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AARP AARP States Arizona Community

AARP Arizona Expresses Concerns Regarding a Bill Targeting People Experiencing Homelessness

Homeless senior adult man with beard in subway tunnel
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This is a letter that was sent to the Arizona Legislature expressing our concerns on HB 2668.

Dear Members of the Arizona Legislature,

On behalf of AARP’s more than 900,000 Arizona members, thank you for your continued efforts to make the State of Arizona a better place for people of all ages.

AARP Arizona is not only a fierce defender of those 50 and older, but also serves as a wise friend by providing information that spurs innovation to tackle the problems and challenges we are facing. One such issue is the increasing number of people 50 and older experiencing homelessness.

Despite the best of intentions, in reviewing the strike everything amendment to HB 2668, relating to the limitations on the use of state property for long-term homeless shelters, AARP believes the measure will not effectively address the issue of homelessness and, as a result, may actually have an unintended adverse impact on Arizona seniors.

There is little question that the Greater Phoenix Area is seeing a surge of people experiencing homelessness, and seniors residents making up of roughly one-third of that group. In 2019, the Arizona Department of Housing noted that roughly 70% of seniors who are becoming homeless are doing so for the very first time. Since then, the pandemic has exacerbated situation, ultimately requiring government action to stem the tide of an impending wave of evictions.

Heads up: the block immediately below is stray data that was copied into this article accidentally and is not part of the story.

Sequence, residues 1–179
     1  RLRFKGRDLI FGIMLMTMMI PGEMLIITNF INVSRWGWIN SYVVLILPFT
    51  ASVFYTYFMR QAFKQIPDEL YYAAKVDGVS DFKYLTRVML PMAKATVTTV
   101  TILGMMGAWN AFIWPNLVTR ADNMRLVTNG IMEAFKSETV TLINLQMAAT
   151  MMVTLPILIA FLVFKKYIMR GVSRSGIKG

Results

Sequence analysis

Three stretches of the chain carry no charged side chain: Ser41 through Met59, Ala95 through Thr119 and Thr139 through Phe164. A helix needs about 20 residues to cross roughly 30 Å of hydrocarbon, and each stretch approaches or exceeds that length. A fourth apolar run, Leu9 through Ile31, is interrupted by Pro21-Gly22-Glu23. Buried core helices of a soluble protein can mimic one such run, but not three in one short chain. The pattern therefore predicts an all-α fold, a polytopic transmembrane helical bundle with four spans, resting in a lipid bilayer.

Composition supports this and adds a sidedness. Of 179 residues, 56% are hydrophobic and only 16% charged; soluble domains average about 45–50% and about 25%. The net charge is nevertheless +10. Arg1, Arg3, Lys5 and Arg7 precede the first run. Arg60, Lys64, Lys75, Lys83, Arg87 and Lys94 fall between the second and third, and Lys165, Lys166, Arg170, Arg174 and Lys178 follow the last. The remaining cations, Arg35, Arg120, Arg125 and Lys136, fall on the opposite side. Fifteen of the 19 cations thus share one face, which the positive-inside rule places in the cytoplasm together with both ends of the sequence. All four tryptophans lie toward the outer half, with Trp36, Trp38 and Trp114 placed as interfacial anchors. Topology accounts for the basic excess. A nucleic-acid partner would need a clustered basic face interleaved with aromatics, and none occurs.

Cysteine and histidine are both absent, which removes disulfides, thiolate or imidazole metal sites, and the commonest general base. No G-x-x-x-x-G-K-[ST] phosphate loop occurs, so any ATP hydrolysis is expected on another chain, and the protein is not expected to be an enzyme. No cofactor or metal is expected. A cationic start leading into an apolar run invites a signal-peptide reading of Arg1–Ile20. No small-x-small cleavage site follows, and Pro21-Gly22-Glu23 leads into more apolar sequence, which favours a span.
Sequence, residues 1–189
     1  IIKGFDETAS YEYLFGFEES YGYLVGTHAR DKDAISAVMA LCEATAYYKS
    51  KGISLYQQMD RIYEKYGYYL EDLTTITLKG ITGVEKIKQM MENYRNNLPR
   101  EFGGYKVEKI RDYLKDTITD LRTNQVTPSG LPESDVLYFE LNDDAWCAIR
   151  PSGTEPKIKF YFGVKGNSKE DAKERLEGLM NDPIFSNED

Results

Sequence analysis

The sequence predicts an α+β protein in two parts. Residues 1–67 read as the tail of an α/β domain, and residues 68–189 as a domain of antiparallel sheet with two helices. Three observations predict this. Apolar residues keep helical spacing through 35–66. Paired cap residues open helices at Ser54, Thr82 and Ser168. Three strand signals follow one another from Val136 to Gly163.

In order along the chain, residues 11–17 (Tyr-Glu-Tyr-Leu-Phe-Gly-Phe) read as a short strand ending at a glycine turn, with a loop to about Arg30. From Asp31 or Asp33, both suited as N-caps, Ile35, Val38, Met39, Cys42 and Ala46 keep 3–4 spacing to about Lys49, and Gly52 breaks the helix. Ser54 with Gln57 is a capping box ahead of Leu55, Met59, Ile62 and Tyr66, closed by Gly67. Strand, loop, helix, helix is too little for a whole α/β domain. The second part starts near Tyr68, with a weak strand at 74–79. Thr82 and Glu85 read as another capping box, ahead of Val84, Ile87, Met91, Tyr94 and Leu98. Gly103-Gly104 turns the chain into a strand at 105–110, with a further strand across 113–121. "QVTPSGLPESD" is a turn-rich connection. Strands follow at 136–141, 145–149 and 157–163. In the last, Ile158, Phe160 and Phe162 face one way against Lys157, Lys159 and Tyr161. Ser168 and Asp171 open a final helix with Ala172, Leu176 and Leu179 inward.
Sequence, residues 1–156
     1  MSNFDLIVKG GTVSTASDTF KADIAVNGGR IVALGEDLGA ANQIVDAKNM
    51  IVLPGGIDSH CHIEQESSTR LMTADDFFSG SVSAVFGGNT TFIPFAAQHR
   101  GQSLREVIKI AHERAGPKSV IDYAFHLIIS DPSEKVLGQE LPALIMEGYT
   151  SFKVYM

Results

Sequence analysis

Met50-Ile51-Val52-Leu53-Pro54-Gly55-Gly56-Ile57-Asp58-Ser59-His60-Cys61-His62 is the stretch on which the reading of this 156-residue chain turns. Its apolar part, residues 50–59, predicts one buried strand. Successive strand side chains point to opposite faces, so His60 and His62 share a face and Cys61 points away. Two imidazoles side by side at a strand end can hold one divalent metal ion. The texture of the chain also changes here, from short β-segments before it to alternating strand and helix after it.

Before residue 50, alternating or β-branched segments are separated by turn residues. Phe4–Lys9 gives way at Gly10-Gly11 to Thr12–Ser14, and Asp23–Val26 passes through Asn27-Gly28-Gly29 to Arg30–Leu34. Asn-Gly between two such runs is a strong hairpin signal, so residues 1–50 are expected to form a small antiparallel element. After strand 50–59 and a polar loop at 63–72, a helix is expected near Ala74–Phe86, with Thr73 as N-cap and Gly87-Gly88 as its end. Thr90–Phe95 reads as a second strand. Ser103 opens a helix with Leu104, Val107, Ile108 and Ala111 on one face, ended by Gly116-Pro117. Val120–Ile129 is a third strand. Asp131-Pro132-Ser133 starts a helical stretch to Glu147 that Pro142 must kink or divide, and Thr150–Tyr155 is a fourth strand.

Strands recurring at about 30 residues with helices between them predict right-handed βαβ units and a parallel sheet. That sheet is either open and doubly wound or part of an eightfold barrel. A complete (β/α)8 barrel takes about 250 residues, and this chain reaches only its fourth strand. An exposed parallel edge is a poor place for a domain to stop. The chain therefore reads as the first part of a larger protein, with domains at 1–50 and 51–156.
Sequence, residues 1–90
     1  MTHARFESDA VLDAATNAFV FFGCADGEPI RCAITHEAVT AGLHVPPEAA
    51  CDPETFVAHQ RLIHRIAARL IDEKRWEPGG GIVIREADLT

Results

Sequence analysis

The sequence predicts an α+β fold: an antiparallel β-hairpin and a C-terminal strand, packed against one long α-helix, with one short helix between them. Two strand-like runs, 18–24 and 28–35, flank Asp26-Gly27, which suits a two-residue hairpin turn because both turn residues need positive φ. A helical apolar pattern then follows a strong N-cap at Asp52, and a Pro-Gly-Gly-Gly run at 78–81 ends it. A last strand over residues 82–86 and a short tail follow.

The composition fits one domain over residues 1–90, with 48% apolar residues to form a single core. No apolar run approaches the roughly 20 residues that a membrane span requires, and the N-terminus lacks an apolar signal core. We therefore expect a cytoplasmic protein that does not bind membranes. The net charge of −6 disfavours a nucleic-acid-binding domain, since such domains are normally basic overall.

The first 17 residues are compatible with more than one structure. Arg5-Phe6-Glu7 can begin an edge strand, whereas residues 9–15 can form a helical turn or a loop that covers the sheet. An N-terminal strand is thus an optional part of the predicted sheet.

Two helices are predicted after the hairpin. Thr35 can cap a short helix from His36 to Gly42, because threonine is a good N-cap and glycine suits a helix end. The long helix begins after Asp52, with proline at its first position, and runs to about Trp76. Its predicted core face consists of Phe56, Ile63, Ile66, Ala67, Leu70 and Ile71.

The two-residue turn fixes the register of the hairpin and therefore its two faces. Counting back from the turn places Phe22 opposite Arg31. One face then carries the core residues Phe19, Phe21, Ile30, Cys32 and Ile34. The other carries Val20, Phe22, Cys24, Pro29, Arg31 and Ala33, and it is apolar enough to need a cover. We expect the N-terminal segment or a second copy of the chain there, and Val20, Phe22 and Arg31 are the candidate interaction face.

HB 2668, as amended, does not address the most pressing underlying issues contributing to Maricopa County’s growing population of people experiencing homelessness, particularly due to the lack of affordable housing across the region. Regrettably, the amended version of HB 2668 would create strict new guidelines that, if not met, would strip funding away from municipal governments, thus further eroding the ability of local governments to proactively prevent people from becoming homeless and help those currently on the street.

Lastly, the segregation of those experiencing homelessness into “structured camping facilities” will expose many elderly to the severe Arizona heat and may result in a greater number of vulnerable seniors becoming victims of abuse and crime.

Accordingly, AARP will continue to work towards solutions to address the growth in homelessness among the aging population. Regrettably, we do not believe that that HB 2668, as amended, addresses the root cause of the issue and may ultimately create unintended consequences that worsen the problem of homelessness and the corresponding public safety challenges that occur in such situations.

Thank you, in advance, for your consideration of AARP’s concerns relating to the strike everything amendment to HB 2668.

I look forward to working with you on this and other matters of mutual interest and concern. Sincerely,

Dana Marie Kennedy, M.S.W. AARP Arizona State Director

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